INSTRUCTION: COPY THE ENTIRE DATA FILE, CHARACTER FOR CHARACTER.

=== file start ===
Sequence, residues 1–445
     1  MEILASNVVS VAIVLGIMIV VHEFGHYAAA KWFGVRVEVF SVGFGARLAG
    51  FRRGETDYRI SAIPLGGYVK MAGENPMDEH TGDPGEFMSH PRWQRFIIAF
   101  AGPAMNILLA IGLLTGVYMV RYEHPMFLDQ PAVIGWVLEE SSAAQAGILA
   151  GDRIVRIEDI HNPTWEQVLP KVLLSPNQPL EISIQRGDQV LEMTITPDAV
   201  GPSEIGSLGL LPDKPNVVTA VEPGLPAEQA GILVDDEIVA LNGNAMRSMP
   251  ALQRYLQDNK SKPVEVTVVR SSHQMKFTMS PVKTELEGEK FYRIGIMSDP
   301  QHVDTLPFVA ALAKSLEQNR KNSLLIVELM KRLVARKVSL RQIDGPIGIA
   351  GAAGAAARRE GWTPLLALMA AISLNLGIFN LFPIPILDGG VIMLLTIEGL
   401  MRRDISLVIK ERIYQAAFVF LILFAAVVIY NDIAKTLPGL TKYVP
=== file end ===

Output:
Sequence, residues 1–445
     1  MEILASNVVS VAIVLGIMIV VHEFGHYAAA KWFGVRVEVF SVGFGARLAG
    51  FRRGETDYRI SAIPLGGYVK MAGENPMDEH TGDPGEFMSH PRWQRFIIAF
   101  AGPAMNILLA IGLLTGVYMV RYEHPMFLDQ PAVIGWVLEE SSAAQAGILA
   151  GDRIVRIEDI HNPTWEQVLP KVLLSPNQPL EISIQRGDQV LEMTITPDAV
   201  GPSEIGSLGL LPDKPNVVTA VEPGLPAEQA GILVDDEIVA LNGNAMRSMP
   251  ALQRYLQDNK SKPVEVTVVR SSHQMKFTMS PVKTELEGEK FYRIGIMSDP
   301  QHVDTLPFVA ALAKSLEQNR KNSLLIVELM KRLVARKVSL RQIDGPIGIA
   351  GAAGAAARRE GWTPLLALMA AISLNLGIFN LFPIPILDGG VIMLLTIEGL
   401  MRRDISLVIK ERIYQAAFVF LILFAAVVIY NDIAKTLPGL TKYVP